David R. Henderson  

Kleiman on Trade and Taxes

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So when the modern Republican Party (R.I.P), in the name of "small government" and opposition to "class warfare," set its face against policies to redistribute the gains from economic growth, it destroyed the theoretical basis for thinking that a rising tide would lift all the boats, rather than lifting the yachts and swamping the trawlers. Free trade without redistribution (especially the corrupt version of "free trade" with corporate rent-seeking written into it) is basically class warfare waged downwards.
This is from drug policy expert Mark Kleiman's recent post, "Trade, Trump, and Downward Class Warfare." His piece is not long and so if you want to completely follow my critique, you might want to read it.

The paragraph I quoted above gives the gist of his argument. He leads with this:

In a nutshell: opponents of taxing the rich have destroyed, on a practical level, the theoretical basis for believing that free trade benefits everyone.

Do you see the problem? Kleiman doesn't and Brad DeLong doesn't. I do.

Kleiman's argument shows that by "the rich" he means high-income people, not wealthy people. His discussion is about incomes.

There are two problems with Kleiman's argument.

First, on taxes. Opponents of taxing the rich have been singularly unsuccessful. Under both Obamacare and the tax deal negotiated between Vice-President Biden and Senate Majority Leader Mitch McConnell, the marginal tax rate on income for high-income people shot up in the last few years. Under Obamacare, the Medicare tax rate on high-income people was raised from 2.9% to 3.8%. Under the Biden/McConnell tax deal, the top marginal tax rate rose from 35% to 39.6%. As a result, high-income people are paying a much higher percent of their income in taxes than lower-income people.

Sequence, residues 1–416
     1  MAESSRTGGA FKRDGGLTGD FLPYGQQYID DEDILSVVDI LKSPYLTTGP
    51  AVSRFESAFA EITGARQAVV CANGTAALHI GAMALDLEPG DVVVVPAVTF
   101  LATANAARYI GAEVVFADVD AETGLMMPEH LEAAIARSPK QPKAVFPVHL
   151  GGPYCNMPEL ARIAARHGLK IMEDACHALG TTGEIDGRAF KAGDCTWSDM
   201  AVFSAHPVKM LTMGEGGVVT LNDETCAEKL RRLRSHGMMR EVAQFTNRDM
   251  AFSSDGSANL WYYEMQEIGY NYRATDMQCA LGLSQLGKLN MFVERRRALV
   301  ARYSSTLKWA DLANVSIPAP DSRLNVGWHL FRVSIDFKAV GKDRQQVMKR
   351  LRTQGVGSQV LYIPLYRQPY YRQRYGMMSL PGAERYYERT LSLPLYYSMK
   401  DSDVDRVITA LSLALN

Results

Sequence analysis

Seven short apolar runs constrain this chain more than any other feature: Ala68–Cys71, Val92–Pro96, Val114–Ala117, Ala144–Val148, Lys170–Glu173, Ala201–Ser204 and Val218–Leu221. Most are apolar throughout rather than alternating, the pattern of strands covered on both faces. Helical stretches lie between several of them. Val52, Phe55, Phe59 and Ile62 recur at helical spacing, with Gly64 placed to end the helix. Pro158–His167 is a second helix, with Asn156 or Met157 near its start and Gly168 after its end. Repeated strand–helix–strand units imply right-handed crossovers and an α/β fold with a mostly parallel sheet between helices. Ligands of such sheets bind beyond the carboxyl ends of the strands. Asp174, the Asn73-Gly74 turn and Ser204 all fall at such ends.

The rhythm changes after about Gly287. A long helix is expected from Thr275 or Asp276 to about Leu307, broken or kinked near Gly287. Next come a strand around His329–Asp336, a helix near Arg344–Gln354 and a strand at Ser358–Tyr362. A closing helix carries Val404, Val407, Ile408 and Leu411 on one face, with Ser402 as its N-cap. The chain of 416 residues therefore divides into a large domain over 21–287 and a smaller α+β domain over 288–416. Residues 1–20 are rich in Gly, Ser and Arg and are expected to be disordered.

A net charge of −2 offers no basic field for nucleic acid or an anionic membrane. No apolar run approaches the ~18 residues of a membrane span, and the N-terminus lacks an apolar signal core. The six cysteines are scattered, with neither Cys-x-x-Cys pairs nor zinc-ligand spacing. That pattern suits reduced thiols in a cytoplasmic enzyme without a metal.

This isn't exactly a secret. Check any public finance text and you'll likely find a table that gives the percent of income paid in taxes for various income levels. Or check this report from the Congressional Budget Office, dated November 2014, after the tax increases were in place.

According to the CBO report, the top 1% paid an average of 33% of their income in taxes, up from 29% before the Biden/McConnell deal, and the lowest quintile paid an average of 3% (up from 2%). The people in 81st to 99th percentile paid an average of 22%, up from 21%. The people in the middle 3 quintiles paid an average of 13%, up from 12%.

In short, Kleiman's idea that opponents of taxing the rich have succeeded is a fantasy.

That's what I'm sure of.

The second problem with Kleiman's argument is one that I'm only 90% sure of: who gains from trade.

Kleiman feels confident that international trade benefits only the rich, and, I remind you, by "the rich" he means high-income people. He writes:

But the bottom line is that all of the gains, not merely from trade but from economic growth, have been concentrated in the hands of a relative few.

I'm pretty sure he's wrong. I think of clothing, in which we have had a major increase in free trade in the last few years. Almost everyone in America buys clothing. Another item is oil. There has not been a major increase in free trade on the import side: we already have it. But oil is traded internationally and its price has fallen like a rock. Almost everyone buys oil, either directly or embodied in a product such as gasoline or transportation of consumer items.